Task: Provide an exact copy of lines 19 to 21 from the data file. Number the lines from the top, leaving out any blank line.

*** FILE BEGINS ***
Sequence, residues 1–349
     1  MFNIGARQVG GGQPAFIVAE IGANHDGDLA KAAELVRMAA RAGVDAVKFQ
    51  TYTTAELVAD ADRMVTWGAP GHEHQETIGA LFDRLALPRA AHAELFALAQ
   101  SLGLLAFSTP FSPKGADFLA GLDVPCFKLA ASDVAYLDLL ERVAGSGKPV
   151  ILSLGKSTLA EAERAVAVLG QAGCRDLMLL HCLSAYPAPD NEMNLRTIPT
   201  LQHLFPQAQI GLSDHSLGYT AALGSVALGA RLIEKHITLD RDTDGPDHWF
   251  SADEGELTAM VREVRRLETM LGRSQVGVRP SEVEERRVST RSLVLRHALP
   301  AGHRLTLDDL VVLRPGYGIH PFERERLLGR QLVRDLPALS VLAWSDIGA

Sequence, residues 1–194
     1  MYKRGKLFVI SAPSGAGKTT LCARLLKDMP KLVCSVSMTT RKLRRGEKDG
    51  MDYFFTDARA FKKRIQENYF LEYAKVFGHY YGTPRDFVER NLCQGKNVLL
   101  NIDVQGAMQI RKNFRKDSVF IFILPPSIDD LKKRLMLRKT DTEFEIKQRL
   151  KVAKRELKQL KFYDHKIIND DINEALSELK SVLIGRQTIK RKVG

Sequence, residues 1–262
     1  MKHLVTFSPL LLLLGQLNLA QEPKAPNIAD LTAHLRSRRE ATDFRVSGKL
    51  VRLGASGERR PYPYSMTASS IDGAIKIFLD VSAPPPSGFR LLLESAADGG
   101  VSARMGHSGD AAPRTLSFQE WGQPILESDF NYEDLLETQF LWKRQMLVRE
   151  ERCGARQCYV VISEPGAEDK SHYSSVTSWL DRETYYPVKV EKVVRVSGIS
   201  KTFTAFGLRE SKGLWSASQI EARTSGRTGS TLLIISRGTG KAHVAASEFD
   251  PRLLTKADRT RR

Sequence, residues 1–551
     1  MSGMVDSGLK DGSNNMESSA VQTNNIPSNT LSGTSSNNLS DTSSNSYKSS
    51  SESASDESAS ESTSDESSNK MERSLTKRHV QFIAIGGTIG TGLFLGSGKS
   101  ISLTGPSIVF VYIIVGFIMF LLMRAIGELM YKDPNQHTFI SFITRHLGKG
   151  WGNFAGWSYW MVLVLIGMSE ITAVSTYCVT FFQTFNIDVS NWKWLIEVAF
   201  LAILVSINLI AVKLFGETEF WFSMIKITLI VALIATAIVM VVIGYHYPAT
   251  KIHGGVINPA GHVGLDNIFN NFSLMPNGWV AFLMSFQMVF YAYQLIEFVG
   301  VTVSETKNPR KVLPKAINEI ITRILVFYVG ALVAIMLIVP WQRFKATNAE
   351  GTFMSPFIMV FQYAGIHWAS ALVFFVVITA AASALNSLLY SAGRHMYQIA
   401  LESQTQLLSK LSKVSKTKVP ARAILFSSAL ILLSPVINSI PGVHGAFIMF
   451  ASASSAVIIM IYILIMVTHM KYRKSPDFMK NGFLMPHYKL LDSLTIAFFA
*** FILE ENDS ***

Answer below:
   201  KTFTAFGLRE SKGLWSASQI EARTSGRTGS TLLIISRGTG KAHVAASEFD
   251  PRLLTKADRT RR

Sequence, residues 1–551